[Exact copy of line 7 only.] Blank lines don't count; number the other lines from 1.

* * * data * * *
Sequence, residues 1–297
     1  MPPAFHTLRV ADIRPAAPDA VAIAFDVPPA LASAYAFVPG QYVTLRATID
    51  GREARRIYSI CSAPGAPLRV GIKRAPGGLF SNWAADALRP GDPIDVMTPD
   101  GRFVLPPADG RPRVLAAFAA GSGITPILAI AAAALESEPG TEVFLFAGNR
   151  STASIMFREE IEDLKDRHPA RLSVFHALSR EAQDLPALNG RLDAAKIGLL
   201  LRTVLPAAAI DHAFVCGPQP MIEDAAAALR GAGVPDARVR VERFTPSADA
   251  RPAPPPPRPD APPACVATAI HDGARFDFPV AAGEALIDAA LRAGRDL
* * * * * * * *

   251  RPAPPPPRPD APPACVATAI HDGARFDFPV AAGEALIDAA LRAGRDL